15. In South Asia, Old Myths to Promote Patent Maximalism, Courtesy of the Patent Microcosm

    The latest example of software patents advocacy and patent 'parades' in India, as well as something from IPOS in Singapore



  16. Links 24/4/2017: Linux 4.11 RC8, MPV 0.25

    Links for the day



  17. Why Authorities in the Netherlands Need to Strip the EPO of Immunity and Investigate Fire Safety Violations

    How intimidation and crackdown on the staff representatives at the EPO may have led to lack of awareness (and action) about lack of compliance with fire safety standards



  18. Insensitivity at the EPO’s Management – Part IX: Testament to the Fear of an Autocratic Regime

    A return to the crucial observation and a reminder of the fact that at the EPO it takes great courage to say the truth nowadays



  19. For the Fordham Echo Chamber (Patent Maximalism), Judges From the EPO Boards of Appeal Are Not Worth Entertaining

    In an event steered if not stuffed by patent radicals such as Bristows and Microsoft (abusive, serial litigators) there are no balanced panels or even reasonable discussions



  20. EPO Staff Representatives Fired Using “Disciplinary Committee That Was Improperly Composed” as Per ILO's Decision

    The Board of the Administrative Council at European Patent Organisation is being informed of the union-busting activities of Battistelli -- activities that are both illegal (as per national and international standards) and are detrimental to the Organisation



  21. Links 23/4/2017: End of arkOS, Collabora Office 5.3 Released

    Links for the day



  22. Intellectual Discovery and Microsoft Feed Patent Trolls Like Intellectual Ventures Which Then Strategically Attack Rivals

    Like a swarm of blood-sucking bats, patent trolls prey on affluent companies that derive their wealth from GNU/Linux and freedom-respecting software (Free/libre software)



  23. The European Patent Office Has Just Killed a Cat (or Skinned a 'Kat')

    The EPO’s attack on the media, including us, resulted in a stream of misinformation and puff pieces about the EPO and UPC, putting at risk not just European democracy but also corrupting the European press



  24. Yann Ménière Resorts to Buzzwords to Recklessly Promote Floods of Patents, Dooming the EPO Amid Decline in Patent Applications

    Battistelli's French Chief Economist is not much of an economist but a patent maximalist toeing the party line of Monsieur Battistelli (lots of easy grants and litigation galore, for UPC hopefuls)



  25. Even Patent Bullies Like Microsoft and Facebook Find the Patent Trial and Appeal Board (PTAB) Useful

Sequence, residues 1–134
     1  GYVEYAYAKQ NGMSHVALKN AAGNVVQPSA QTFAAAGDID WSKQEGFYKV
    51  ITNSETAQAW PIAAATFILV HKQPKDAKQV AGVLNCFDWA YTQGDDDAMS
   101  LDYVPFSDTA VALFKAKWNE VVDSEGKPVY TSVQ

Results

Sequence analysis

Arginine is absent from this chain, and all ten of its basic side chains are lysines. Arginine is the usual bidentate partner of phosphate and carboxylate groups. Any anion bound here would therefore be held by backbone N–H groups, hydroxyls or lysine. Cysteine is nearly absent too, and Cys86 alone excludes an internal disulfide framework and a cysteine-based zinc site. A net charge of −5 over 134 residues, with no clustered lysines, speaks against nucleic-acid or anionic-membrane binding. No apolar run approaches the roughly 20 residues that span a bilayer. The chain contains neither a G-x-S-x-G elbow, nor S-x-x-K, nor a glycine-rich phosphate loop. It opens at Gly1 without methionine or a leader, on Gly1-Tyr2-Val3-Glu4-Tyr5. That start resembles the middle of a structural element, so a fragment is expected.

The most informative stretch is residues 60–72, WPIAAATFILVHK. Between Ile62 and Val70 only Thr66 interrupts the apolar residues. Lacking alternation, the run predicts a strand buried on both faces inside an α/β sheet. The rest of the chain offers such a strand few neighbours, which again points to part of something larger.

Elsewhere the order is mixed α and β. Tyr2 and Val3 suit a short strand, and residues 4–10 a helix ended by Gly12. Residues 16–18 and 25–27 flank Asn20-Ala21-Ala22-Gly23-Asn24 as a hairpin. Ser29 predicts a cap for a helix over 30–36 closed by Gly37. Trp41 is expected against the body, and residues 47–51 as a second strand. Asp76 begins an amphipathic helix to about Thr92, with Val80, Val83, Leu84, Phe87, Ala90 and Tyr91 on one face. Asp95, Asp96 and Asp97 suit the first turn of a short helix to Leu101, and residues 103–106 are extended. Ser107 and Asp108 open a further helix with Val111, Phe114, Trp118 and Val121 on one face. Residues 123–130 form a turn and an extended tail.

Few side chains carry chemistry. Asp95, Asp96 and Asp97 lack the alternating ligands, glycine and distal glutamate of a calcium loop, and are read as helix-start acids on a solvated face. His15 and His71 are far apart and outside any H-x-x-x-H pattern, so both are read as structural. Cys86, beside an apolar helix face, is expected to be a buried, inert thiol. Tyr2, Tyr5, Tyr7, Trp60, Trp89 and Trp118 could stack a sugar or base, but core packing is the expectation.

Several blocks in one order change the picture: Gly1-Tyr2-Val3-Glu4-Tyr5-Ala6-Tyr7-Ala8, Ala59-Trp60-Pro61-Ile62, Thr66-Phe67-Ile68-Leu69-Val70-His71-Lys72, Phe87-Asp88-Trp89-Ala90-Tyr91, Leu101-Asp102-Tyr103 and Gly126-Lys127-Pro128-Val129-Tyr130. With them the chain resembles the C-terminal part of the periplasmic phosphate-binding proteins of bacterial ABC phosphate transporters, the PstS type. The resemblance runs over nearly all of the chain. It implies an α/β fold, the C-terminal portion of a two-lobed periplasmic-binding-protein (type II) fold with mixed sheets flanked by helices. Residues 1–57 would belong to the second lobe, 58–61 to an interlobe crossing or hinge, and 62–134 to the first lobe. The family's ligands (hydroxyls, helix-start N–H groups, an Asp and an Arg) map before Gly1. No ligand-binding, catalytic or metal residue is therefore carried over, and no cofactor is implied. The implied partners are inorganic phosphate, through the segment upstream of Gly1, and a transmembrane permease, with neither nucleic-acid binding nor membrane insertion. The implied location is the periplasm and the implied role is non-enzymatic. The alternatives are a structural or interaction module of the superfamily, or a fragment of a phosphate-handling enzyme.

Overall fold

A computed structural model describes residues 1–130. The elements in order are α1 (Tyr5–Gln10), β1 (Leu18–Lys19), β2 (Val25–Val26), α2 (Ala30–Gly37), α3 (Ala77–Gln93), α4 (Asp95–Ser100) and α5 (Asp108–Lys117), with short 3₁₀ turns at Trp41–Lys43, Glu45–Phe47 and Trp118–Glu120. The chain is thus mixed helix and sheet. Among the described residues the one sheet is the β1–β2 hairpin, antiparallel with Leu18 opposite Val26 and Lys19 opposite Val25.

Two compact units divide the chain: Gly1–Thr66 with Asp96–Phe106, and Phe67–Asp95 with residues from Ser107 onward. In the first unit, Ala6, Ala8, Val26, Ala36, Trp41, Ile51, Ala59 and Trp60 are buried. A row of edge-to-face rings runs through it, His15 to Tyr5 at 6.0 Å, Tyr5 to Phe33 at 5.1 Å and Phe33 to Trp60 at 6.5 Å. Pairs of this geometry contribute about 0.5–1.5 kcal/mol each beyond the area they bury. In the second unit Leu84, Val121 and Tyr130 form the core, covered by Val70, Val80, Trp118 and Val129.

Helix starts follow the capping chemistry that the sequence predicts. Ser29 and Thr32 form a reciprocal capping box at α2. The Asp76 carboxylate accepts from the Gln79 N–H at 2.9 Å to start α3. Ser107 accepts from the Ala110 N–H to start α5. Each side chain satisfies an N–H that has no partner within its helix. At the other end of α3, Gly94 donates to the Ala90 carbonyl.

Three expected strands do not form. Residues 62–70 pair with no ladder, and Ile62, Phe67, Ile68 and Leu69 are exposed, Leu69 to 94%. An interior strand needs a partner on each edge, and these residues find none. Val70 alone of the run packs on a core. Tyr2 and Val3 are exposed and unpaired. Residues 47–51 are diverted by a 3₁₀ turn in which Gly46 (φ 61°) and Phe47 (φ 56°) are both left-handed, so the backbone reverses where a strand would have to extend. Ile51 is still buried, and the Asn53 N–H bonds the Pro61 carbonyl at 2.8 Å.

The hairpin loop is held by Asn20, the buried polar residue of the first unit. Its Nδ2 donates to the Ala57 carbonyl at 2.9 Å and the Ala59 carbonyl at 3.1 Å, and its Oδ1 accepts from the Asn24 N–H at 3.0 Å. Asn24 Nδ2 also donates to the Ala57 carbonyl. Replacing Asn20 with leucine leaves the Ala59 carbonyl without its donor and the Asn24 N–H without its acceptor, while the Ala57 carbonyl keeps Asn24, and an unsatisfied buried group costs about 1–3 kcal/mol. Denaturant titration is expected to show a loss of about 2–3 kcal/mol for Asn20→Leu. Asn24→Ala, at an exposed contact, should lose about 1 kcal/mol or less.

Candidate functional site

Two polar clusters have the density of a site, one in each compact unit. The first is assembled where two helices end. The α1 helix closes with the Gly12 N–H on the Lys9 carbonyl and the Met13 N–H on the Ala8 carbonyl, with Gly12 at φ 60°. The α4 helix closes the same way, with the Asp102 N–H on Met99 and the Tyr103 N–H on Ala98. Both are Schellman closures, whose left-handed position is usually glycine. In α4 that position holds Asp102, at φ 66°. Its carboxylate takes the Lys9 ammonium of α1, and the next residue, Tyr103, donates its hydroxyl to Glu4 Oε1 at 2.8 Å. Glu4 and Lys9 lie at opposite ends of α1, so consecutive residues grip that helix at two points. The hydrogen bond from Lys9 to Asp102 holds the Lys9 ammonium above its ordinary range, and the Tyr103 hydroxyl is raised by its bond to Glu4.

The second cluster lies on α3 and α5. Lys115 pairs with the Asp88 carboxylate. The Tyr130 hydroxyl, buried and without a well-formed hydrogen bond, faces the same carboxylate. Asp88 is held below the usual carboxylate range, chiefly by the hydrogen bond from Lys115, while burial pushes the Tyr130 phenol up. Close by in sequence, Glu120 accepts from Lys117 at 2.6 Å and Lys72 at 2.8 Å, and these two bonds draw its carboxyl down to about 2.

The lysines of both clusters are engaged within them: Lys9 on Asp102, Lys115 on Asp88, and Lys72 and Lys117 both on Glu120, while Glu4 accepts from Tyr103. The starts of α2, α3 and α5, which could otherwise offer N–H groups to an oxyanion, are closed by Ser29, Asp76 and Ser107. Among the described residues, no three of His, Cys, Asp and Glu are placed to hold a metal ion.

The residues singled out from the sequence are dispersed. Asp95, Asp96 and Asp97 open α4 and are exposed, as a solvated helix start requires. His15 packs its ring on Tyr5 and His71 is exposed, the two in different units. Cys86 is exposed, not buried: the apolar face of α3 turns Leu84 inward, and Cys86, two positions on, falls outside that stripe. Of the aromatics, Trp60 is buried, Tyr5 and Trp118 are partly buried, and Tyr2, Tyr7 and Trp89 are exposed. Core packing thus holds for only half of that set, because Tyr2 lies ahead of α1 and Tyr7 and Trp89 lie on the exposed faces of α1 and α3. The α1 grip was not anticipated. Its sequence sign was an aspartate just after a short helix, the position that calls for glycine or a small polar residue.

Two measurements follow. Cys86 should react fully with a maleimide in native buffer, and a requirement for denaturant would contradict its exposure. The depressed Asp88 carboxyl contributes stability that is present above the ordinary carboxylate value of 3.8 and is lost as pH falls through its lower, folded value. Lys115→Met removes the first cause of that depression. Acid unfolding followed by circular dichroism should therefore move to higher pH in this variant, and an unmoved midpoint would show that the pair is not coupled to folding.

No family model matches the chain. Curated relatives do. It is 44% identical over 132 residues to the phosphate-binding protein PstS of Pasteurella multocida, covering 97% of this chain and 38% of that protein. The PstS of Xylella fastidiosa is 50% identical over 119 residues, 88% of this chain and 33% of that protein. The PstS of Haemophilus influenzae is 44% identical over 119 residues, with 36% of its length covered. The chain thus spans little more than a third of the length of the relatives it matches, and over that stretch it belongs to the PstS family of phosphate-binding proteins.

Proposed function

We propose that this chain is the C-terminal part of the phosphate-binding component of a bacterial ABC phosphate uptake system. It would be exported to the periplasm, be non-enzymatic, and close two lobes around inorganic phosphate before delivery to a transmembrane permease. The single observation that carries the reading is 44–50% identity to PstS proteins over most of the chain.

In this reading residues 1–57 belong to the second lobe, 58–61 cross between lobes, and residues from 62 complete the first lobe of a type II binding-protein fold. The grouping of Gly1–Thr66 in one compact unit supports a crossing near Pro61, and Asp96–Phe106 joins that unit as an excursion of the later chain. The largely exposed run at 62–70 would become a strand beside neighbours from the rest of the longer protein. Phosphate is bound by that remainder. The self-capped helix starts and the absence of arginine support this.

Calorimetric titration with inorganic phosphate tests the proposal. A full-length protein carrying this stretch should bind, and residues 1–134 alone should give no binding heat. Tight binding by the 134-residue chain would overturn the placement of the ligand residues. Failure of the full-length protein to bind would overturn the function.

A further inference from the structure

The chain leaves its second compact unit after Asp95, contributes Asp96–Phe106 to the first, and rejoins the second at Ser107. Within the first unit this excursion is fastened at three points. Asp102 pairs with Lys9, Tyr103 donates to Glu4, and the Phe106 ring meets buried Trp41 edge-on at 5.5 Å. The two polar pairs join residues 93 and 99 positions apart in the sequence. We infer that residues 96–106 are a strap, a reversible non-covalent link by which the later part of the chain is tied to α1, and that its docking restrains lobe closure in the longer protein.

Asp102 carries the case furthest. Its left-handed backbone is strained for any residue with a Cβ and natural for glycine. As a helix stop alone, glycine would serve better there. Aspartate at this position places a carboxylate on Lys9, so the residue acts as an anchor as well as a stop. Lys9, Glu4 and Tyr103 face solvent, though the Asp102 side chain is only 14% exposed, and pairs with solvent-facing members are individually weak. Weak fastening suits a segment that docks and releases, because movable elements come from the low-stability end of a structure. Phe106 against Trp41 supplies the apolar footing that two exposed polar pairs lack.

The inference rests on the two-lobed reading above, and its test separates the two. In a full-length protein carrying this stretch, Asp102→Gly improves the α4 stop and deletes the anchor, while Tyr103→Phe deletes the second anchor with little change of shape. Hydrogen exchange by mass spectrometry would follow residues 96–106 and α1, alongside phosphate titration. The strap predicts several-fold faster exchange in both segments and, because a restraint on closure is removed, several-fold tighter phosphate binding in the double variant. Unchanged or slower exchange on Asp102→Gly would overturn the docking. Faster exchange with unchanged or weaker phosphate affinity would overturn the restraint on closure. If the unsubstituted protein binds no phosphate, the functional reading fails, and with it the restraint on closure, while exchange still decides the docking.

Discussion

Not just companies accused of patent infringement need the PTAB but also frequent accusers with deep pockets need the PTAB, based on some new figures and new developments



  26. Links 21/4/2017: Qt Creator 4.2.2, ROSA Desktop Fresh R9

    Links for the day



  27. At the EPO, Seeding of Puff Piece in the Press/Academia Sometimes Transparent Enough to View

    The EPO‘s PR team likes to 'spam' journalists and others (for PR) and sometimes does this publicly, as the tweets below show — a desperate recruitment and reputation laundering drive



  28. Affordable and Sophisticated Mobile Devices Are Kept Away by Patent Trolls and Aggressors That Tax Everything

    The war against commoditisation of mobile computing has turned a potentially thriving market with fast innovation rates into a war zone full of patent trolls (sometimes suing at the behest of large companies that hand them patents for this purpose)



  29. In Spite of Lobbying and Endless Attempts by the Patent Microcosm, US Supreme Court Won't Consider Any Software Patent Cases Anymore (in the Foreseeable Future)

    Lobbyists of software patents, i.e. proponents of endless litigation and patent trolls, are attempting to convince the US Supreme Court (SCOTUS) to have another look at abstract patents and reconsider its position on cases like Alice Corp. v CLS Bank International



  30. Expect Team UPC to Remain in Deep Denial About the Unitary Patent/Unified Court (UPC) Having No Prospects

    The prevailing denial that the UPC is effectively dead, courtesy of sites and blogs whose writers stood to profit from the UPC


CoPilotCo

RSS 64x64RSS Feed: subscribe to the RSS feed for regular updates

Home iconSite Wiki: You can improve this site by helping the extension of the site's content

Home iconSite Home: Background about the site and some key features in the front page

Chat iconIRC Channel: Come and chat with us in real time

CoPilotCo

Recent Posts